Good morning fans of female butts and shrunken people,
Today’s review will cover a pair of short stories made just for you! This post will examine size-fetish erotica written by Albert Robinson. (FULL DISCLOSURE: The author provided review copies.) Previous reviews of Albert’s works include “The Influencer: Butt-Plug Envy” and “Chasing Shiloh” and “Spicing Up A Marriage.” By the way, be sure to look for the tiny men on the covers. Their inclusion is a nice touch!
Right off the bat, readers should be told that each of those stories follow a specific trope. That trope being “Men are reduced to heights between 2.5 inches and 1.5 inches tall and then treated roughly, sometimes fatally, by being thrust up women’s asses.” That’s the core of Albert’s literary works. Although, it must be noted that “Kicking The Addiction” included tiny ladies too. Both of today’s stories included violent imagery. Bones and teeth were broken, ribs were cracked, people struggled to breath within bodily orifices, tortured characters attempted suicide, etc. Accordingly, these are not suggested for faint-hearted readers.
It is also important to note that virtually no time was spent on explaining how the MacGuffins, a magical elixir in one and a shrink ray in the other, worked. Those size-changing devices were merely gimmicks to move the plot forward.
We’ll start with Kicking The Addiction a four-book series which can be purchased for $3.96 for all of them, $0.99 individually, or read for free with Kindle Unlimited. The first installment was released on October 13th, 2020, while the fourth and final installment was released on September 28th, 2022.
Kicking The Addiction begins with a woman named Veronica trying to have a good time after her ex-boyfriend Troy broke up with her. Unfortunately, a creep called Jeff harasses her. Luckily for Veronica, she packed a Bridges-Tech shrink ray in her purse. The shrink-ray technology was invented by Veronica’s genius sister for “chiropractic purposes.” (NOTE: It was unclear how shrinking people would help chiropractic treatments.) It works as intended and turns the full-grown man into a minuscule figure only as large as Veronica’s big toe! What follows over the next pages was a series of violent acts which started as righteous revenge, but then turned into unjustifiable cruelty. Eventually, other people, such as Patrick and Tina, also had shrinking fun. Lastly, without spoiling anything, let it just be noted that those responsible for hurting others were eventually given their comeuppance.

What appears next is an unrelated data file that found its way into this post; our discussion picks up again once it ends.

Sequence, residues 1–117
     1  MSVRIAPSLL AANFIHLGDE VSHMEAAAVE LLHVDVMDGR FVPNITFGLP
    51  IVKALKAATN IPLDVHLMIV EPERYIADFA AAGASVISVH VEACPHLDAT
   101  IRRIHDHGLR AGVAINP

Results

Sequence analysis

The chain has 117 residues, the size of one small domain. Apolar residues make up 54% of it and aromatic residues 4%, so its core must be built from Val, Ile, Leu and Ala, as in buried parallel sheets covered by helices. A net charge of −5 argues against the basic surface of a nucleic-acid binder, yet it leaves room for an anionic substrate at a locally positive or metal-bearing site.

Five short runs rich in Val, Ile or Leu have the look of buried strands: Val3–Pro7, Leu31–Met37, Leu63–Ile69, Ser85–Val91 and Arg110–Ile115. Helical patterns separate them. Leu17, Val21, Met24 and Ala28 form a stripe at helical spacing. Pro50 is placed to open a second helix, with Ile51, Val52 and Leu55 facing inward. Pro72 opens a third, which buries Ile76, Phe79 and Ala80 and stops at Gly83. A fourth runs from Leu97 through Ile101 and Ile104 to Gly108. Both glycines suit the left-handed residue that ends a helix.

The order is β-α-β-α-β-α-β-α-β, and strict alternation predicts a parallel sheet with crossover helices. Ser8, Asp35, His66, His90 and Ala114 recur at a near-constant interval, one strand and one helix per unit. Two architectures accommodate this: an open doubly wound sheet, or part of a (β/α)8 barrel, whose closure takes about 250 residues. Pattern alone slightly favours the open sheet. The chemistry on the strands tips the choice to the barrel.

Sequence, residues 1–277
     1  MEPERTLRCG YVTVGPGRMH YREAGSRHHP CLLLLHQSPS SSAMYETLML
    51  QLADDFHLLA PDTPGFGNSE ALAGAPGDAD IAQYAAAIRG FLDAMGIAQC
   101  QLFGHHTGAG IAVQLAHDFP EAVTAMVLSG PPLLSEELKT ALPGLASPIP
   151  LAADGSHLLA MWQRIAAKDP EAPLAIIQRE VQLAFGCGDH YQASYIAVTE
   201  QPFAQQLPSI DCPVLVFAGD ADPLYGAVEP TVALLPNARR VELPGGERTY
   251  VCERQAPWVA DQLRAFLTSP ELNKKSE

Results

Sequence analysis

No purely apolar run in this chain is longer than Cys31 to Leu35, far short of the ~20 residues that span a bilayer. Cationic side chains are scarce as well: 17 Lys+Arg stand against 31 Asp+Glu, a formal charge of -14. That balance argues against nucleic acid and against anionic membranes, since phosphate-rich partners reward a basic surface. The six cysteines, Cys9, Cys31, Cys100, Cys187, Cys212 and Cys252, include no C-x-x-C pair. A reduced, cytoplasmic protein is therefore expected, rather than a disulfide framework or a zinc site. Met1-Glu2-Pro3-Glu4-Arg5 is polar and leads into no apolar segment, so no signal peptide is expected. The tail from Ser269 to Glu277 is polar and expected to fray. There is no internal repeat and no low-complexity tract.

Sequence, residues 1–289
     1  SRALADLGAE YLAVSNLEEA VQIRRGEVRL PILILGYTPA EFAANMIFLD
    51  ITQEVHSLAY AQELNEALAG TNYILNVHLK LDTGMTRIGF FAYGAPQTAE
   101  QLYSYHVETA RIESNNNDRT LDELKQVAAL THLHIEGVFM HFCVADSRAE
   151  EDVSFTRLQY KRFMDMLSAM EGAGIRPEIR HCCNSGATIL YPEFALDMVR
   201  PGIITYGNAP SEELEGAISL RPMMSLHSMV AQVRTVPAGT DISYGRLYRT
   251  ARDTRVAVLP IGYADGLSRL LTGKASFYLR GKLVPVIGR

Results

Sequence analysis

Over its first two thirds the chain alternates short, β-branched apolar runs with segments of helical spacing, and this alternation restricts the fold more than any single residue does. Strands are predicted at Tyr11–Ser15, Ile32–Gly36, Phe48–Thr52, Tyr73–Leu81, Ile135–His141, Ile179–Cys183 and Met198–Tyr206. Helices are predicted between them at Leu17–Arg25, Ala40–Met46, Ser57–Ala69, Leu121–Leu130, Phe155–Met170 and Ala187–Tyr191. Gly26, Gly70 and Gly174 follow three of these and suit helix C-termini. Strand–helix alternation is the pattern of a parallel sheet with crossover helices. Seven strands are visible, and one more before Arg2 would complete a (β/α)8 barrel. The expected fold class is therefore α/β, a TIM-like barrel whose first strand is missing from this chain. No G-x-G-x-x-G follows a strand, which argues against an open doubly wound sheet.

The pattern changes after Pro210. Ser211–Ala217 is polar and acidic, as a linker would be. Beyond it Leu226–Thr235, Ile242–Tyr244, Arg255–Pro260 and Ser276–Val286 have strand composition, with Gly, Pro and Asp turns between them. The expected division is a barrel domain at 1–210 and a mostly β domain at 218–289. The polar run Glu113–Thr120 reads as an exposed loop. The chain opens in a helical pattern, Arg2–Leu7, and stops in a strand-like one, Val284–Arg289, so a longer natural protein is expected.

Regarding negatives, the most significant drawback was the lack of innovation. If you’ve read any of Albert’s short stories then Kicking The Addiction will feel quite familiar. However, if you’ve never read any of them then Kicking The Addiction is a great place to start. It’s the best one that I’ve read.
That said, I would like to see more character development and more elaborate plots. For example, why do the characters like tinies? Did something arise inside them after watching the “The Borrowers”? Let’s also get some effort and struggle before the process of shrinking is mastered. Instead of simply visiting a magic shop or reaching into a handbag for a sci-fi device, let’s see experimentation scenes and extended periods of hard work before fantastic transformations are possible.
Switching now to “Was It Worth It?” This is a significantly shorter, stand-alone story which sells for $0.99 or can be read for free with Kindle Unlimited. It was released on August 21st, 2022. The main characters are engaged couple Cassandra and Jake. Jake purchased a magic elixir from a fortuneteller called Clairvoyant Cassandra which grants his deepest desire, to be only two-inches tall! (SIDE NOTE: Never know what you can find in your local swap meet!)
In the plus column, it’s a compact, yet complete, bit of fetish erotica. While things do get brutal there was a satisfactory, happy ending.
Regarding the minuses, There was an odd choice to capitalize the word “Fiancé” throughout the story. Also, there were a few misspellings. For instance, “vial,” a word meaning a small container for holding liquids, was repeatedly misspelled as “vile,” meaning extremely unpleasant. Presumably, an automatic spell checker was to blame. Lastly, italics were often used to indicate a character’s internal thoughts. However, in the following it was a little unclear if they meant that the character was thinking to themselves or loudly emphasize the last half of the sentence:
I’m confident that the italics in the above snippet meant that the speaker was emphasizing those words. However, the story might benefit by only using italics for thoughts.
Overall, Kicking The Addiction is recommended over Was It Worth It? Was It Worth It? was too short to dig into the characters or establish personalities beyond “They like tiny people.” Kicking The Addiction and Was It Worth It? can be purchased at the author’s Amazon page:
That’s it for now folks. Until next time, keep growing!
This review was written by SolomonG and is protected under Fair Use copyright law.
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